Tuesday, September 15, 2009

Them’s big scary numbers!

UK lenders face £130bn more losses from financial crisis

"Moody's, which last week reconfirmed the UK's AAA credit rating, expects losses at banks and building societies to reach £240bn. Lenders have taken £110bn of losses so far and face another £130bn over the next few years. The agency explained that it "expects the sustained weakness of the UK macroeconomic environment to feed through into higher loan arrears with ensuing pressure on profitability and capital". Moody's report came as research from FTI Consulting found that a majority of leading global fund managers do not believe the financial crisis is over. Of 153 fund managers interviewed in 15 countries with €2.8 trillion (£2.5 trillion) of funds under management, 64pc said there was worse to come for the banks."

Posted by mark wadsworth @ 11:50 AM (1004 views)
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7 thoughts on “Them’s big scary numbers!

  • Mark off this topic, have you a link that explains LVT or is it as simple as the more land you own, the more tax you pay ? Depending on quality, farm land, woodland, building land etc.

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  • We might as well pile this bit of info on top of that from the Telegraph to try and get a better/bigger picture

    Lenders could be hiding fraud losses
    Lee Jones – 10-Sep-2009
    Experts warn that some lenders could be hiding mortgage fraud on their balance sheets. Both Chelsea Building Society and Bradford & Bingley have recently made fraud provisions of £41m and £271m respectively but experts warn that other lenders could be hiding fraud losses on their balance sheets.

    Nationwide group director Matthew Wyles, who warned the industry on newbuild buy-to-let lending in 2005, says lenders may not want to make their fraud problems public. He says: “I suspect a lot of big cases have come out but they have been quietly absorbed by the lenders who have sustained those los-ses. A lender such as Chelsea could not hide those losses but I am sure those that can have absorbed these fraud cases into their bad debt provisions and the like.”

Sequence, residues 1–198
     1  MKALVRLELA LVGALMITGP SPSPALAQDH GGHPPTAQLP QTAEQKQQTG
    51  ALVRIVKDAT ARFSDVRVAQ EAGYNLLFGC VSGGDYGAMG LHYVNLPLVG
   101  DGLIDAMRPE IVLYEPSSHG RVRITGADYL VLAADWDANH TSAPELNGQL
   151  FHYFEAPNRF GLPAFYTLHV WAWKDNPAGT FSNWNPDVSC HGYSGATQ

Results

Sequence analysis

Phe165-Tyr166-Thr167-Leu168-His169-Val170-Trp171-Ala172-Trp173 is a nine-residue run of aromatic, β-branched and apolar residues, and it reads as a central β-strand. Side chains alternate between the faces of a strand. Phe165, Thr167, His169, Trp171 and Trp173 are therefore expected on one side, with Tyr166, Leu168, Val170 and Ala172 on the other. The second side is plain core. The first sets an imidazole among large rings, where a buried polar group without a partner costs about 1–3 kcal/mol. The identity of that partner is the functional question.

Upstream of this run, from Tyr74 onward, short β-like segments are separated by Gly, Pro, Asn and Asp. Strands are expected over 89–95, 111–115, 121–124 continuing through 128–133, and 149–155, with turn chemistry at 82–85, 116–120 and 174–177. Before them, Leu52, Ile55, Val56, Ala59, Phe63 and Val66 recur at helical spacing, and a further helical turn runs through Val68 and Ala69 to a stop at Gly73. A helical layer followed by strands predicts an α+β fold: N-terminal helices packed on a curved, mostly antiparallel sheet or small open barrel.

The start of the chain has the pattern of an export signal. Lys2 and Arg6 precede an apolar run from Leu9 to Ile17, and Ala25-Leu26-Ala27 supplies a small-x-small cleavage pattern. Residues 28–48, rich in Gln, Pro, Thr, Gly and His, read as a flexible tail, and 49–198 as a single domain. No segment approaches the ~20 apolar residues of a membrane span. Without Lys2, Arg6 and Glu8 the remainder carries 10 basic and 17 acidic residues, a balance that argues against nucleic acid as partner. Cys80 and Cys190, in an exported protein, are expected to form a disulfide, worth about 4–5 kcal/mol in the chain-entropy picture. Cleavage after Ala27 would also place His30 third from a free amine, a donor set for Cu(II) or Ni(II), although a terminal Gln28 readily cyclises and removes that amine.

City of London Police economic crime directorate head detective chief superintendent Steve Head says: “I do not think we are seeing the full picture. Lenders hit by the crime usually see it first. It would be good if the lenders were coming forward more than they are at the moment.”

    SOURCE Moneymarketing http://www.moneymarketing.co.uk/cgi-bin/item.cgi?id=193012&d=340&h=341&f=342

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  • Good point jack c.

    Last time I looked, fraud was a criminal offence. Shouldn’t the police/FSA be getting a little more involved?

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  • paul – I really don’t want to elaborate too much on this subject suffice to say on the cases I have reported (one of which was fraud on a massive scale) it all fell very much on deaf ears – my Solicitor has had the same experience – please draw your own conclusions.

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  • mark wadsworth says:

    @ Jack C, good anecdotal, the whistleblower’s lot is usually an unhappy one.

    @ HappyM: “have you a link that explains LVT or is it as simple as the more land you own, the more tax you pay ? Depending on quality, farm land, woodland, building land etc.”

    LVT is as simple as you want it to be! Don’t worry about categorising into different types of land, every plot has a certain site-only value, and it is up to the owner to decide what to do with it. And the tax would be a flat rate on the value, regardless of how it is used (or indeed if it left vacant).

    You can then add your own bells and whistles to this to your heart’s content (like exempting agricultural land values, having a higher rate for commercial sites, a roll up option for pensioners, a nil rate band to exempt the lowest value houses, maybe a jealousy surcharge for higher value houses, whether the mortgage bank should be responsible for collecting it together with mortgage repayments, which taxes you want to replace, and so on).

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  • “Moody’s, which last week reconfirmed the UK’s AAA rating”

    Moody’s is taken seriously?

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